Subletting NYC Apartments: What to Know
Subletting NYC apartments is something many New Yorkers think about, especially if they plan to be out of town for a period of time. NYC has specific rules for subletting spaces, so check out below to find out more.
Subletting NYC apartments: there are things you’ll need to consider before you sublease your space. It may seem like the smartest thing in the world to do; you’re heading out of town for the summer, or you’ll be away for a few weeks or a month or two for work. Your apartment will just sit empty during the entire time you’re gone, so you figure you’ll sublet it out. It’s a win for everyone! Someone will be able to stay in the city for a while, and you’ll benefit by not only having someone in your home keeping an eye on things but also by having your rent or mortgage paid. What could go wrong? Well, a few things, actually. Before you sublet your space for any amount of time, check out below.
Find Out if You’re Allowed to Sublet
If you live in a co-op, you need to find out if you’re even allowed to rent out your apartment. Some co-ops have very strict rules regarding tenants subletting out their apartments. Some require that their residents use the apartments as their primary residences for a year or two before they rent them out as sublets. Other buildings limit the amount of time an apartment can be subletted. Wile other buildings forbid sublets outright. Boards often require that prospective subleasees pass screening tests prior to being allowed to live in the building.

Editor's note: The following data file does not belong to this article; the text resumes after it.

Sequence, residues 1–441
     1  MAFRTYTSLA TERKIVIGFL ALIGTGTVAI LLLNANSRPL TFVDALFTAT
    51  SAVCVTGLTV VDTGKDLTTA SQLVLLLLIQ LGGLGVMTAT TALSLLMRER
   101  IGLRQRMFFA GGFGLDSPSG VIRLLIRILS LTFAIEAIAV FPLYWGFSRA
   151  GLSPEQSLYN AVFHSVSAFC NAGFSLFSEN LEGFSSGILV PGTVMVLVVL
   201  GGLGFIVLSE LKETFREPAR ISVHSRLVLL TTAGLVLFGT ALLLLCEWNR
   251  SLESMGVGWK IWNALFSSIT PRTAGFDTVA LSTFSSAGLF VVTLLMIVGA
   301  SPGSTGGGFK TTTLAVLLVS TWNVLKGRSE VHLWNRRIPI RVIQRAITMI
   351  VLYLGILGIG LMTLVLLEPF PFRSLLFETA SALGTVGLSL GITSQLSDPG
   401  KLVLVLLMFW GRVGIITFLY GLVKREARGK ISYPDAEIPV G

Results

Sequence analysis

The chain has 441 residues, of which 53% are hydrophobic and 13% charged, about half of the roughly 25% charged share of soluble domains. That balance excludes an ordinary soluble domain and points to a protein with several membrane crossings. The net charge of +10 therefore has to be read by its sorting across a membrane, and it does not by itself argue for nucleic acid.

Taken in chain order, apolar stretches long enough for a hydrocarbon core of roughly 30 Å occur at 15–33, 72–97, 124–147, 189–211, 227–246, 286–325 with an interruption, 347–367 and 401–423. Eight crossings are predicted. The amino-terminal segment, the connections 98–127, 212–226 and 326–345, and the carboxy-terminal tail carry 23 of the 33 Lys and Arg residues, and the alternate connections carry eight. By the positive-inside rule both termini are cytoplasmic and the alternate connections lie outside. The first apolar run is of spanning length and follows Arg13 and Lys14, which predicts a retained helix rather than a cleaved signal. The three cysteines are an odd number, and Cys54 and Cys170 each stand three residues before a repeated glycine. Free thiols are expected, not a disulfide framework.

Get Permission from Your Landlord
If you live in a privately owned building that has four or more apartments, you have the legal right to sublet your apartment. Sublets in NYC must be for 30 days or more. Contact your landlord in writing via certified mail and let him or her know that you need to sublet your apartment for a certain period of time. Some landlords want to be a part of the selection process, while others don’t really care as long as they get their checks. Some may require a deposit. Be sure to give your landlord as much of a heads up as possible before you move your subleasee in.
If you live in a rent-stabilized apartment, you are legally allowed to sublet your space, but there are rules you’ll need to follow to make that happen, including providing written documentation of info like the name and business of the subleasee and how long the sublet will last. If you live in a rent-controlled apartment, you don’t automatically have the right to sublet your apartment unless your lease stipulates otherwise.
Choose Your Tenants Carefully
You want to make sure that you sublet your apartment to someone you can trust. You may have that friend who you love to pieces but who is irresponsible with money. That is not the person you should be renting to. A lease (or your mortgage) is a serious legal document that has your name on it. Handing all of that over to an unreliable person will hurt no one but you in the end. Put personal friendships aside, and only sublet to people who you know will take care of your good name and your space. Keep this important fact in mind: If your subleasee doesn’t pay your rent or your mortgage costs/co-op maintenance fees, you are the one responsible for paying them. So choose wisely when subletting NYC apartments.
Image Source: Flickr/Esteban Chiner